Starting Tuesday, June 6, Chicagoans working downtown can get a free dose of chamber music at the end of their Tuesday workdays. Running through August 29, Rush Hour Concerts returns for its 18th season of weekly, musical getaways in the splendorous confines of St. James Cathedral. Hosted by the International Music Foundation, Rush Hour Concerts are always free and run for 30 minutes. This year July 4 falls on a Tuesday, so that week’s concert will be on Wednesday, July 5.
Five of the concerts comprise a Quartet Festival showcasing five local ensembles. The first festival concert starts this Tuesday with the Kontras Quartet playing Haydn’s excellent String Quartet in G-major, Op. 33 no. 5, and Dan Visconti’s Black Bend. The next Quartet Festival offering will be the Avalon String Quartet playing Shostakovich on June 20, which will be followed by the Grammy Award nominated Spektral Quartet performing Gerard McBurney’s Hildegard Quartet on July 11, and the Euclid Quartet performing Edward Grieg’s moody string quartet on August 1.
The last Quartet Festival concert will feature members of the Civitas Ensemble playing assorted movements from Johannes Brahms’ four marvelous quintets, where the basic string quartet is joined by an extra viola, clarinet, or piano. There are a wealth of options to fill the half hour program on August 15.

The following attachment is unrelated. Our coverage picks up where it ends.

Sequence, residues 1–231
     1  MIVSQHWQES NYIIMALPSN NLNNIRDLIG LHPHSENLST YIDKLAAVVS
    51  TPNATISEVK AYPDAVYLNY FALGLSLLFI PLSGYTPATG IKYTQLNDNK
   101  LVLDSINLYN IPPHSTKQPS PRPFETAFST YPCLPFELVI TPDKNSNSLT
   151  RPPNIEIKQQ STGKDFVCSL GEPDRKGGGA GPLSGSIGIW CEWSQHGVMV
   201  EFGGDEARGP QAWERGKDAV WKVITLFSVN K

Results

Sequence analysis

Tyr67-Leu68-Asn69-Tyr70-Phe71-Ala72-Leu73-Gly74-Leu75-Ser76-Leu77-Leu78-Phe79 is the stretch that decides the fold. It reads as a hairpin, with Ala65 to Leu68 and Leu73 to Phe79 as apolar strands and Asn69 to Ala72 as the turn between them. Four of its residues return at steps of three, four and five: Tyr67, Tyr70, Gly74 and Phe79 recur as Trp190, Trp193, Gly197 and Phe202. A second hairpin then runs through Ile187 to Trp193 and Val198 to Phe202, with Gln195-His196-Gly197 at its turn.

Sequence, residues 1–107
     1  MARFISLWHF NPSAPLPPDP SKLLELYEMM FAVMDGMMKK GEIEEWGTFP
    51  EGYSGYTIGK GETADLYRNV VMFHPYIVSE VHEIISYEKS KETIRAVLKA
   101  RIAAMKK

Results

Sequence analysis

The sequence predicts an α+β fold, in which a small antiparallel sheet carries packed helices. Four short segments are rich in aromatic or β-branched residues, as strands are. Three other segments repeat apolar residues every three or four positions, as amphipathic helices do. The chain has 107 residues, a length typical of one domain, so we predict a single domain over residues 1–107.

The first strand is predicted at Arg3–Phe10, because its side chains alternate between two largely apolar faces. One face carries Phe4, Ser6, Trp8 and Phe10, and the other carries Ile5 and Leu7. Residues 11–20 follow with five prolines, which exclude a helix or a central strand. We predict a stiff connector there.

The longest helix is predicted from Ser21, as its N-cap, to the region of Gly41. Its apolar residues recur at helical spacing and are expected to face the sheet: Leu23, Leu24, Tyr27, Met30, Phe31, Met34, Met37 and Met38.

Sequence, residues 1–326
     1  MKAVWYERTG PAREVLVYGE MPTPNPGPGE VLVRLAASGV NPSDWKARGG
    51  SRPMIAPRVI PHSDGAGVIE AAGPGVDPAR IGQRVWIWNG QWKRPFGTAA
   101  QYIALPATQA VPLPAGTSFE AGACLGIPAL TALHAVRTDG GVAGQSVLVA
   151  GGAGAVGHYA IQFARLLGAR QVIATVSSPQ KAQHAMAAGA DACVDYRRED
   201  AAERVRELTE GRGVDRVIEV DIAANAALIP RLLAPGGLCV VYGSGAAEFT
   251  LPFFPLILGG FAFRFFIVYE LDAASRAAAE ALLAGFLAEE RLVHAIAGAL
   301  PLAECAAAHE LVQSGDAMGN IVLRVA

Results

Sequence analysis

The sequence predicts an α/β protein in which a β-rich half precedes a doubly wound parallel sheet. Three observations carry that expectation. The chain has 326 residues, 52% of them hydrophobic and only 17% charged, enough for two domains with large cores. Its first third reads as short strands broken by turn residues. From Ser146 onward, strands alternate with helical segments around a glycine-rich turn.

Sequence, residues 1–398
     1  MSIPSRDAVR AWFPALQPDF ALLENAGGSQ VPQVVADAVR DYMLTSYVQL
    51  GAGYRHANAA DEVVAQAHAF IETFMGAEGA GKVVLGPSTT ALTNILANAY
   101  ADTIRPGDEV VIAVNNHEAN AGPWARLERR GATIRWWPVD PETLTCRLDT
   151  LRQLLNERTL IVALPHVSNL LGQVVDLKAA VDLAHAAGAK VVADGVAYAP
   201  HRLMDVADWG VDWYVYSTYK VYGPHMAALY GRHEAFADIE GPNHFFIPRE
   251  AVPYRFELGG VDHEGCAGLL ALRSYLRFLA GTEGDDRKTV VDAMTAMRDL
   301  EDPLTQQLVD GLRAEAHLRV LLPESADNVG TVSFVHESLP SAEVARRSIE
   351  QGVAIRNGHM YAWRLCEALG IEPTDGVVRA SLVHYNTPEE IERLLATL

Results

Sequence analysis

Other noteworthy concerts include duets by Chicago Symphony Orchestra cellist Brant Taylor and pianist Kuang-Hao Huang playing a program on June 13 to be determined by the audience. New music and poetry will fill the air on July 25, when Ensemble Dal Niente joins forces with poet Richie Hofmann. Lovers of vocal music can hear American art songs, show tunes, and spirituals sung by baritone Robert Sims on Wednesday, July 5. Members of the Lyric Opera’s Ryan Opera Center will perform selections from George Bizet’s opera TheKingfishers on August 8. St. James Cathedral’s massive organ pipe, played by Stephen Buzzard, will be joined by Axiom Brass on August 22.
The Rush Hour Concerts series ends the following week with the Rush Hour Concerts Chamber Orchestra, conducted by John McFarlane, playing Gustav Mahler’s orchestral arrangement of Beethoven’s String Quartet in F-minor, Op. 95. Anyone who lays their fingers on a Beethoven masterpiece is playing with fire, but Mahler demonstrated immense insight when he modified the orchestration of the Seventh Symphony by, among other things, substituting trumpets for French horns, and vice-versa. It should be very interesting to hear how he orchestrates this emotional quartet.
Rush Hour Concerts take place at the St. James Cathedral, 65 E. Huron St., every Tuesday, June 6 through August 29, at 5:45pm, except the July 4 concert will take place on Wednesday, July 5. Pre-concert beverage receptions will take place at 5:15.